Rumors swirled that they had to get the part driven up to Newark from Philadelphia, a US Airways hub. I'm not sure that was true, but if so, I'm wondering why the airline could not at least borrow a spare part from another carrier instead of having it driven all the way from another airport.
Those passengers who remained, including me, finally left the gate area and proceeded to ticket counters in the main terminal. After a short wait (there were hardly any passengers left at this point), a rather surly and clearly distraught US Airways employee booked me on a United flight leaving at 7 a.m. the next morning. US Airways, why don’t you support your employees so they don’t get overwhelmed like this?
I went downstairs to baggage claim, and after a 20-minute wait my bag emerged on the carousel. I took a taxi (a whopping $18 fare for a 1.5 mile ride!) to a Renaissance hotel that I had booked nearby.
The next morning, my United flight to Phoenix went without incident. I saw my sister and then took a 45-minute US Airways flight (yes, I actually did fly on the airline during this trip!) to Las Vegas on Saturday to the Virtuoso Travel Week conference.
OK, you might think that’s the end of my saga, but unfortunately, it’s not! After six days in Las Vegas, I had booked a 6:30 a.m. flight on US Airways back to Newark through Phoenix. I arrived on time and proceeded to the gate area without incident.
Then it happened: US Airways announced that my flight would be delayed yet again. An hour passed, and I realized I would miss my connection in Phoenix (even though on my original booking, I was supposed to be on the same aircraft all the way to Newark—something US Airways in their infinite wisdom had changed).
Luckily I had positioned myself at the very start of the line to rebook. A very helpful and efficient US Airways employee suggested I take an American flight an hour later that was going directly to New York JFK. With an hour to spare, she also said my checked bag would be transferred over to the American flight.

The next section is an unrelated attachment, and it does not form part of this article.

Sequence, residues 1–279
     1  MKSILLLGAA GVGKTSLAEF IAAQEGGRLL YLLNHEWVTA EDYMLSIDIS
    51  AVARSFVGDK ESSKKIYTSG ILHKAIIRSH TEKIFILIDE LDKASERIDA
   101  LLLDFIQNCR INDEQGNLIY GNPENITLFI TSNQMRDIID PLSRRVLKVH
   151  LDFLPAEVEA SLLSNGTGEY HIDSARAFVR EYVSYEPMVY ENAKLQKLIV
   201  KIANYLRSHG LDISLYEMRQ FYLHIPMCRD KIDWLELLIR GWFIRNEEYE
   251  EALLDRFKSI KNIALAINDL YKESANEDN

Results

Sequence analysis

The American flight left on time, though my seat was in the last row near the toilets, and I had an uneventful flight. We disembarked at JFK and I went downstairs to baggage claim and waited for nearly an hour. No bag! American said it would be on the next flight in about four hours. I did eventually get the bag a few days later!
So there you have it: In my last flight on US Airways before that airline’s name goes out of existence, I experienced two delays that ultimately led to two cancellations, as well as one lost bag.
On the whole, it was not good track record for a final experience on an airline that soon will be totally branded as American. Let’s hope American’s executive team can address a few of the challenges that I, along with my fellow passengers, faced.
I also was in the middle of the rumor-mill of misinformation that passes for communication in the airline industry today. That’s mostly because airlines simply do not inform or empower their employees, or keep their passengers well informed about flight schedules, delays and cancellations.
I also experienced the frustration that these employees, as well as the airline’s passengers, have when delays and cancellations occur. The airline industry is so tightly scheduled, with no extra aircraft or additional seats on routes, that one or more hiccups can reverberate throughout the system. Safety is, of course, a priority, but customer service should be high on the list as well.
I remain hopeful that American will address these challenges when US Airways is fully integrated into its system.